CELIBACY NOT A REQUIREMENT
Father John Wijngaards questions the roots of the belief in a celibate priesthood.
From The Catholic Herald (London) 7th August 1987. Review of A married priesthood in the Catholic Church by Raymond Hickey (Liverpool Institute of Socio-Religious Studies, £2.00).
Contrary to the testamony of scripture, contrary to the unanimous opinion of theologians, contrary to Eastern tradition, synodal statements and papal decisions many Catholics still believe that celibacy and the Catholic priesthood are inseparably linked.
The reason for this mistaken belief is the disciplinary practice of the western church, laid down in the Lateran Council of 1139, that requires candidates for the priesthood to take a vow of celibacy before ordination. The practise is still enshrined in canon law (art.1037). But such a practice does not show in anyway that celibacy belongs to the nature of the Catholic priesthood or that priests must be celibate.
Father Hickey presents a cautious, closely argued case for the Latin Church to start ordaining married men. He points out that no local community, and in fact no single Christian, can do without regularly participating in the Eucharist. There can be no Church, or built-up local church, without the Eucharist. Also, there can be no celebration of the complete Eucharist without a priest, so that the church must ensure that it ordains an adequate number of priests.
This means that the Church cannot afford the luxury of turning away from the priesthood candidates who do not have the charism of celibacy. In the four strongest pages of the booklet (pp 59-62) Hickey sketches the many areas of tension in the present practice. The law unfairly presumes the gift of celibacy in every priest. In fact, priests are treated as monks. Christ proposed celibacy as a counsel, not as a requirement for the ministry. At present the pastoral need of the faithful who go without Eucharist is sacrificed to a matter of discipline. Our practice of breeding (the word is mine) celibate clergy in seminaries is not the only nor, perhaps, the best way of forming mature spiritual leaders. There are cultural factors affecting celibacy that should be taken into account.
This is an informative booklet, presenting facts and reasons. Written as it has been by a missionary who has witnessed the pastoral needs of numerous young communities in Nigeria, it is a cri de coeur drawing cogency from the well of deep apostolic concern that lies at the heart of pastoral theology. Church leaders with the mind of Christ will, I am sure, be moved beyond the power of academic reasoning.
The same pastoral concern which fuels Father Hickey’s study may also have caused its one manifest weakness: its stopping short of the more radical implications inherent in his arguments. Hickey restricts his plea to the ordination of men who are already married. He summarily dismisses the ordination of women with a reference to the Declaration by the Commission for Doctrine in 1976.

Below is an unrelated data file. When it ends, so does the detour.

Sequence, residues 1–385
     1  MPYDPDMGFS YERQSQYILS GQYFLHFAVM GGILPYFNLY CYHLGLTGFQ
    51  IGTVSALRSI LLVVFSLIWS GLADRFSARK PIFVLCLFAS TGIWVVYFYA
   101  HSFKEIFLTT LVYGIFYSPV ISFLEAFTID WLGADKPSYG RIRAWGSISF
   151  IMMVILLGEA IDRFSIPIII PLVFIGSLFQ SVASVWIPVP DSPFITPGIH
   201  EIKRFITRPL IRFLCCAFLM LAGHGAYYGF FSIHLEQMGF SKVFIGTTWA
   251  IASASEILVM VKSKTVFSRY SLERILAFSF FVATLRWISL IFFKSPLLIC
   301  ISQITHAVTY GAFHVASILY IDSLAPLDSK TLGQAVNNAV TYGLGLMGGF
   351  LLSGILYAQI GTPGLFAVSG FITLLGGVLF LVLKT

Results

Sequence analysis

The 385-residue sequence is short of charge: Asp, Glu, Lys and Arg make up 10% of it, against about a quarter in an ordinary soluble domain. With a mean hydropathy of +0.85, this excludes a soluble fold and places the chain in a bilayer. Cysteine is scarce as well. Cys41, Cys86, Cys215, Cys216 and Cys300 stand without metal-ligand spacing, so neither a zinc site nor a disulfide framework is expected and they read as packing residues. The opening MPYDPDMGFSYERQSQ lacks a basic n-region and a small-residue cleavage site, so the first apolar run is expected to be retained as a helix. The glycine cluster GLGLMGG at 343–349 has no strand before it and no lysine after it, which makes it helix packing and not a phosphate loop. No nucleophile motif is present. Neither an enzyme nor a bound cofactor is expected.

He rejects as “contrary to the Apostolic Rule” that priests should be allowed to marry after ordination. Was he motivated, I wonder, by the fear that these latter two pastoral solutions stand so little chance of a hearing that he better dissociate himself from them? If Hickey aspires to base his arguments on theological grounds — as he claims he wants to — he should own up to the whole truth whether it is diplomatic to do so or not. If he writes from a deep personal love of the Church — which I do not doubt for a second — he is ill-advised to reject solutions that are equally promising to still people’s Eucharistic hunger. Is the church served best by defending half-truths, carefully packaged so as not to displease? Or by a respectful but frank criticism of prevailing practice and prejudice?
We all know that many priests who have “left the priesthood” in order to marry are spiritual and deeply committed Christians, who have partners with equally high ideals. They are, in a manner of speaking, the victims of the present practice of injudiciously linking celibacy and the priesthood. Depending on country and continent, they were trapped by the seminary system, by wrong spiritual motivations (the “ritual impurity of sex”) and by parental/cultural complexes.
Father Hickey implicitly admits this. Why does he not urge the Church to examine each of these cases and allow worthy candidates to continue exercising the ministry, even though they are married? To say that this is contrary to an “Apostolic Rule” holds no water. At the time of the Apostles such a rule did not exist, witness the New Testament: it only emerged three centuries later at the Council of Nicaea in 325.
Even more important for the future of the Church is the ordination of women. The Commission for Doctrine’s Declaration of 1976 rejected it on theological grounds. The majority of Catholic theologians, however, disagree; they do not see any valid reason in scripture or tradition to deny ordination to women.
If such is the case, immense new possibilities will open up to ensure that communities all over the world will have their Eucharistic ministers. I can understand Father Hickey’s strategic anxiety lest the debate on women priests delay the ordination of married men. But he may not, for that reason, halt this very important and promising, independent line of theological, and pastoral research.
I hope that many people will read and discuss Father Hickey’s book. As a Church we will never fail if we allow the Spirit of Truth and Love to speak to us. Like the scribe in the Gospel we will discover in our treasury “things old and new” — which will surely include both a celibate and married clergy.